Can the reporting entity concept be resurrected?

The AASB's discussion at the May meeting offers an intriguing possibility: the introduction of a 'third tier' of financial reporting, perhaps without the 'second tier' of IFRS for SMEs.

In other words, everyone could follow the recognition and measurement requirements of IFRS, but the disclosures would reduced, perhaps using the disclosure simplification of the IFRS for SME as a guide (as is relevant).

This would effectively be the reporting entity concept by a different name, although probably with more disclosure than currently occurs. Entities following this approach could not claim compliance with IFRS, but this is effectively the case with special purpose financial reports today in any case.

Before the AASB can proceed to this sort of outcome, there are a number of factors that would need to be considered, including:

  • How the disclosures required would be determined and indicated - i.e. principle-based or 'line by line'
  • Whether an IFRS for SME is required for global non-publicly accountable entities
  • Whether the simplification is enough for particular groups of entities, particularly wholly-owned subsidiaries of publicly accountable entities and the smaller non-publicly accountable entities
  • The legal framework under which financial reports are prepared in Australia and tensions between the parliament and standard setter
  • How simplification can be achieved as IFRS continues to evolve globally as major new requirements begin to be implemented
  • Reconciling IFRS with the needs of not-for-profit and public sector entities.
We expect that the AASB's differential reporting project will generate substantial interest, particularly now that the release of the IFRS for SME is imminent. Entities with strong or particular views should monitor this project closely and make their views known to the AASB.

 

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Other matters

A high-level summary of the other matters discussed at the meeting is presented in the table below.

Topic Overview Comments and more information
SECTOR-NEUTRAL MATTERS
Annual improvements The AASB made AASB 2009-4 Amendments to Australian Accounting Standards arising from the Annual Improvements Process and AASB 2009-5 Further Amendments to Australian Accounting Standards arising from the Annual Improvements Process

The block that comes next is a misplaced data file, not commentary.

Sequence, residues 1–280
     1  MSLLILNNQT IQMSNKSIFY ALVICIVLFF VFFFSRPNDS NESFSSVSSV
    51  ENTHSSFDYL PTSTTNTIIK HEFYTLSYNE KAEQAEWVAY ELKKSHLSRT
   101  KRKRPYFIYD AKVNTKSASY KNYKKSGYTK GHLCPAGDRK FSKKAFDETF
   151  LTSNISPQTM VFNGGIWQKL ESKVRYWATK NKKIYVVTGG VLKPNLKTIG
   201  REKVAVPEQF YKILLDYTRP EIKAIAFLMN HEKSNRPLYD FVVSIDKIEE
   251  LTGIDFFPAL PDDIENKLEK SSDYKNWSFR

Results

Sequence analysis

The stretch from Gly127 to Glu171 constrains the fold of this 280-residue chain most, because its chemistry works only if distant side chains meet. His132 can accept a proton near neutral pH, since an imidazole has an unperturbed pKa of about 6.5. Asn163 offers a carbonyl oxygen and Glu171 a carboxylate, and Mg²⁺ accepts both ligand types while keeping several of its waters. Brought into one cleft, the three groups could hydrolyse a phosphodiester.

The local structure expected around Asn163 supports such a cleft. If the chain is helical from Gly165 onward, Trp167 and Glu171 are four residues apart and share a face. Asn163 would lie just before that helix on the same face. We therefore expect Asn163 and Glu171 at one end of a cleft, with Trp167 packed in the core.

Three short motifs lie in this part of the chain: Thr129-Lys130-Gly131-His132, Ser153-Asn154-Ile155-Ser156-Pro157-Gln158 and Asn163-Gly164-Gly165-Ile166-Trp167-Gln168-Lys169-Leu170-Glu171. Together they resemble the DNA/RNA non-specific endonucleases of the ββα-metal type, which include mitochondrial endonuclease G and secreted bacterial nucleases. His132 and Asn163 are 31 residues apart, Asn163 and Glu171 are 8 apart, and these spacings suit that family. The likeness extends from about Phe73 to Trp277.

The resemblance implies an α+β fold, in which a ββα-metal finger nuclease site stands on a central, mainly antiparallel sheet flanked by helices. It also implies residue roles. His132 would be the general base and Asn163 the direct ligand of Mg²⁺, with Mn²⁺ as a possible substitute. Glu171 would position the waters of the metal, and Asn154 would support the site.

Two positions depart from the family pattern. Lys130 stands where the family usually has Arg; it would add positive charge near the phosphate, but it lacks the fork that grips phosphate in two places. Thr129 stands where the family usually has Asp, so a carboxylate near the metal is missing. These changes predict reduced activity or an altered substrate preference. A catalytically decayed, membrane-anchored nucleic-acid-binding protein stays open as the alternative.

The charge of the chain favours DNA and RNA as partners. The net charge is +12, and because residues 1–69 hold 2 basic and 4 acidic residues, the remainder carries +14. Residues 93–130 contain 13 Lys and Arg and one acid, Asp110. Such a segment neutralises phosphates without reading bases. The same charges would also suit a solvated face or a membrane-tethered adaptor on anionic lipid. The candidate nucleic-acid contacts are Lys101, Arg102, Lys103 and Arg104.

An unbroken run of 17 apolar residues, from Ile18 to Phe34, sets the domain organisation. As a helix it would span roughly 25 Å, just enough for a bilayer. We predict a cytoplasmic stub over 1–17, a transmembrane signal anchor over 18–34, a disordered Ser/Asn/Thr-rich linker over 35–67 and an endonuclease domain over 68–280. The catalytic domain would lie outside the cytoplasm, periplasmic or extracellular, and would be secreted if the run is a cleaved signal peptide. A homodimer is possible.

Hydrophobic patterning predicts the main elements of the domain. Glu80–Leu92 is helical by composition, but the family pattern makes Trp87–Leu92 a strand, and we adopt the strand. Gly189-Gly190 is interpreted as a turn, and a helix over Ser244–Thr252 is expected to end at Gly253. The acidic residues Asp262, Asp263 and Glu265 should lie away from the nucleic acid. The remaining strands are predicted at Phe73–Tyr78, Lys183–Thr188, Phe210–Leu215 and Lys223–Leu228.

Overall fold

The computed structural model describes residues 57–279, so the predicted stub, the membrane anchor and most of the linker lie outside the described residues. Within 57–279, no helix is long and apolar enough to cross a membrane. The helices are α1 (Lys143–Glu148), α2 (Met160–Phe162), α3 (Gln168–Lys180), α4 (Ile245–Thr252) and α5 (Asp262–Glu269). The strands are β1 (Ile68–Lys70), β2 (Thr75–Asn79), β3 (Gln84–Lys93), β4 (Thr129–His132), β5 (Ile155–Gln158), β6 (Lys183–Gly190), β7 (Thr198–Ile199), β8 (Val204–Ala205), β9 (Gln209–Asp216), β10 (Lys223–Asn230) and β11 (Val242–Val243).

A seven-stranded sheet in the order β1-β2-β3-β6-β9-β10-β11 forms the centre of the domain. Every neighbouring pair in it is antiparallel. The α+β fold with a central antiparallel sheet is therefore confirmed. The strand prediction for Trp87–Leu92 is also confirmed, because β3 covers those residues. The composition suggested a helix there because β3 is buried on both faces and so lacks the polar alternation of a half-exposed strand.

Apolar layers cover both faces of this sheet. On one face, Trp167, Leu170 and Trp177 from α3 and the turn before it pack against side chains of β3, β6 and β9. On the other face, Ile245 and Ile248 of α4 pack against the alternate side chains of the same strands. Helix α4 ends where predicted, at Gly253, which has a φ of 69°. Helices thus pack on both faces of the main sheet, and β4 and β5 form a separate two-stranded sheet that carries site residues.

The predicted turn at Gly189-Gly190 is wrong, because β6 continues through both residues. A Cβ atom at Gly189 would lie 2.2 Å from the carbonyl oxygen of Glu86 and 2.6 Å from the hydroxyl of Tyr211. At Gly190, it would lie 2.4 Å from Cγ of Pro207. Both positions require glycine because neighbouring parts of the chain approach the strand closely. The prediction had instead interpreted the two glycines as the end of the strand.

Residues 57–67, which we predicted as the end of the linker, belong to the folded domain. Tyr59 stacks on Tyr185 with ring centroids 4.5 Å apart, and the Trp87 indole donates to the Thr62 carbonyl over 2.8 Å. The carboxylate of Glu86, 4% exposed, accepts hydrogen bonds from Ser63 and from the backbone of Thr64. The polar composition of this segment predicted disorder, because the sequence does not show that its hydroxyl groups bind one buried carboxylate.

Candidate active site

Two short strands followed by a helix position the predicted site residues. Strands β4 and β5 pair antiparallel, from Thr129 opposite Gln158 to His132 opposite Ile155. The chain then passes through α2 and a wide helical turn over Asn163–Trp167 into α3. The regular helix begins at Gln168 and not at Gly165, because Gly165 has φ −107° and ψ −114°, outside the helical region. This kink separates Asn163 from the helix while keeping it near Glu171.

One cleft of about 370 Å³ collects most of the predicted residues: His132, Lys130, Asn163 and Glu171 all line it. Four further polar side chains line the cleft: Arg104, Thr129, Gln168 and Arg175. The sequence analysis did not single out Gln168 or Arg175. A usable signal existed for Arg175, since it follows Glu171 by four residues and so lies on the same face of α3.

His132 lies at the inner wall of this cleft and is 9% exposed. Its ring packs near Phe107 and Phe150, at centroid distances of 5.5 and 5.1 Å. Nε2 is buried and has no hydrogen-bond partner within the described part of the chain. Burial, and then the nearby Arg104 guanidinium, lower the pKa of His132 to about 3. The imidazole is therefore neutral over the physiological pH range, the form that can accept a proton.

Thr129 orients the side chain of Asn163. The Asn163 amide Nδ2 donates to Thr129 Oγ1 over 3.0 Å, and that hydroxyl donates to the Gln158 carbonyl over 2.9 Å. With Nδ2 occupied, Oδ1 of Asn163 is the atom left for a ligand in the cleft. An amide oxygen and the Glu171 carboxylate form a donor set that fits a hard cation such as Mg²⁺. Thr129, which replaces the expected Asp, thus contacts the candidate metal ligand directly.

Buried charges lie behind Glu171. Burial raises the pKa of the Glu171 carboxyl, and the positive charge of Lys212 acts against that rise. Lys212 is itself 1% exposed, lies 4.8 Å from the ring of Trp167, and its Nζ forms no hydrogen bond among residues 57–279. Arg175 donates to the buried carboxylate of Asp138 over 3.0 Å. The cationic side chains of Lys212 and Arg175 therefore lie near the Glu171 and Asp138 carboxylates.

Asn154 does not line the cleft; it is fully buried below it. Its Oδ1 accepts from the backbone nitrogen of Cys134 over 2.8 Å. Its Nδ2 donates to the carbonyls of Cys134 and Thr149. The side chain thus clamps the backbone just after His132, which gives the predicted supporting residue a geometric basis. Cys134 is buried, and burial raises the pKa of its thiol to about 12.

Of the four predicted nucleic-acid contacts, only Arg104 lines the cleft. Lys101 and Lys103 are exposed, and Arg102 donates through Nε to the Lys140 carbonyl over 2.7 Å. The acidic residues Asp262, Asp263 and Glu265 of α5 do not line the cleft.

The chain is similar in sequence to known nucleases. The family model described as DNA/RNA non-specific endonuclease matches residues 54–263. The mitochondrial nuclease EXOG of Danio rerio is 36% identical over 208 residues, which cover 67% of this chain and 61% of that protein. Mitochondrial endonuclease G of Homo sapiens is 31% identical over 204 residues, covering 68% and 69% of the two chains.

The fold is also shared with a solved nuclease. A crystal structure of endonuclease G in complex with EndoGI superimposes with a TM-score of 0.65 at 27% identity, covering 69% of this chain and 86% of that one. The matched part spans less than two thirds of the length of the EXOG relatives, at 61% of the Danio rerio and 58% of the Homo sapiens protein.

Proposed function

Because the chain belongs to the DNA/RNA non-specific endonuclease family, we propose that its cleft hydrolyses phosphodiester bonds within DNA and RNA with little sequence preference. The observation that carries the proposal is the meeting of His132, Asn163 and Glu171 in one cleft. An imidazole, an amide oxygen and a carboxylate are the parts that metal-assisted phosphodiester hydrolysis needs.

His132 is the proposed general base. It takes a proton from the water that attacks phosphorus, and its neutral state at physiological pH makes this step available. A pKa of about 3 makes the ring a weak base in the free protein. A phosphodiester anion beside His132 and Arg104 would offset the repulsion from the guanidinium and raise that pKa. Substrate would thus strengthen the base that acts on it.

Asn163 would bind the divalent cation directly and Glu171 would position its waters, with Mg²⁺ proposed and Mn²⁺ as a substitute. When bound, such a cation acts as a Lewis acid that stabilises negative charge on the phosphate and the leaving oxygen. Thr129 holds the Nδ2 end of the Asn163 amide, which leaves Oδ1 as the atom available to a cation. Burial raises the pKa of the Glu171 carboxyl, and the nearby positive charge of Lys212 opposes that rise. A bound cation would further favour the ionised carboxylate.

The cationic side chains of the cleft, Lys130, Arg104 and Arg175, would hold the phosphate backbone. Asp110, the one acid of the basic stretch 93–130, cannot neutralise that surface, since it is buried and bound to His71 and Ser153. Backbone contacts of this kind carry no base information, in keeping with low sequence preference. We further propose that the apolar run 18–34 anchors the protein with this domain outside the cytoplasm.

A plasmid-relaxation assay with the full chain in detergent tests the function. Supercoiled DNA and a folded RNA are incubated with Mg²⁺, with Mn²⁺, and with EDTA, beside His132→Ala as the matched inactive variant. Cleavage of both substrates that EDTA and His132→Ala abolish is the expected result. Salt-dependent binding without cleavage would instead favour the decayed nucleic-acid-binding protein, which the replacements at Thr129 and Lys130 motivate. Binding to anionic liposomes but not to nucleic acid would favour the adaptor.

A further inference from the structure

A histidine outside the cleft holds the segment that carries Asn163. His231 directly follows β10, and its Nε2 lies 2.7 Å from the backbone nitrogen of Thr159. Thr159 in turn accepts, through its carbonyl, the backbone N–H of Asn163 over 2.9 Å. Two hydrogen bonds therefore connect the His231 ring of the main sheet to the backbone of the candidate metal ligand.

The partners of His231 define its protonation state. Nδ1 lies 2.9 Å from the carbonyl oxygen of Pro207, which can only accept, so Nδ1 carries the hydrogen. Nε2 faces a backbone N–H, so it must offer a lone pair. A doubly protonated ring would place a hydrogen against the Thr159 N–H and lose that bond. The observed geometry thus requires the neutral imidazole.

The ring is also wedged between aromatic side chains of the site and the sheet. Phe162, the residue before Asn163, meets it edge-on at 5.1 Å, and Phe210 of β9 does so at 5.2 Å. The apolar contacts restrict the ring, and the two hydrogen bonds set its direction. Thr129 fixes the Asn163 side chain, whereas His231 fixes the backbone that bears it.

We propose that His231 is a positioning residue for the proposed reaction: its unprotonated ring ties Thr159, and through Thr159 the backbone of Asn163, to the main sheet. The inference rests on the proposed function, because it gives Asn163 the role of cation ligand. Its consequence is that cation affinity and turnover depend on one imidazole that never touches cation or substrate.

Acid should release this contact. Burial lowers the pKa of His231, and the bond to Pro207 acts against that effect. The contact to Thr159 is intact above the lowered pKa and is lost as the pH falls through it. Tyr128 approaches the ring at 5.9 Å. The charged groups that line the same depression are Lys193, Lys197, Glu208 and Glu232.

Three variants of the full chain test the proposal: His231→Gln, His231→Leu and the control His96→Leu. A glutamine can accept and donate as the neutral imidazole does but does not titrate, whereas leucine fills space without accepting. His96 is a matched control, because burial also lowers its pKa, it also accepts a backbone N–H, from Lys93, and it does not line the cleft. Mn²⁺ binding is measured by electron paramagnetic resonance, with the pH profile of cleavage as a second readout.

The amendments in AASB 2009-4 apply to annual reporting periods beginning on or after 1 July 2009. AASB 2009-5 will apply to annual reporting periods beginning on or after 1 January 2010.

Importantly, the additional guidance on distinguishing whether an entity is acting as agent or principle is included as an attachment to AASB 118 Revenue is effectively immediately applicable .

IAS Plus Newsletter (PDF 104kb)

First-time adoption The AASB made AASB 1 First-time Adoption of Australian Accounting Standards (May 2009).

This revised standard is expected to have limited application in the Australian context as most entities have already transitioned to IFRS.

IAS Plus Update Newsletter (PDF 111kb)

Revenue recognition The AASB continued to develop its response to the IASB Discussion Paper Preliminary Views on Revenue Recognition in Contracts with Customers, which will now be finalised out of session. It is understood that the AASB generally supports the IASB's proposals, but has concerns about the outcomes in relation to long-term contracts (perhaps suggesting that the IASB's focus on the control of a product or service is too narrow).
IASB insurance project The Board received an education session on the IASB's insurance project. Entities interested in this project should refer to our Deloitte monthly insurance accounting newsletter
Interpretations The AASB noted that an Australian constituent has raised an issue with IFRIC dealing with the treatment of stamp duties under IFRS 3/AASB 3 Business Combinations (2008)

The treatment of stamp duties under the revised business combinations standards has been contentious since the revised standards were made.

Accounting alert 2008/01

Financial instruments The AASB is to closely monitor the IASB's fast-tracked project to replace IAS 29 Financial Instruments: Recognition and Measurement IAS Plus project page
NOT-FOR-PROFIT MATTERS
Income from non-exchange transactions The AASB approved ED 180 Income from Non-exchange Transactions (Taxes and Transfers), which will be issued as a joint ED with the New Zealand Financial Reporting Standards Board (FRSB). The comment period is expected to be five months.
ADMINISTRATIVE AND OTHER MATTERS
Policies and procedures The AASB considered a draft Statement of Policies and Procedures regarding the development of Standards and Interpretations. -
Consultative Group The AASB will met with its Consultative Group on Wednesday 20 May 2009. -

 

More information on the above topics can be obtained from the AASB Action Alert (PDF 49kb) for the meeting.

The next meeting of the AASB is scheduled for 24-25 June 2009 in Melbourne.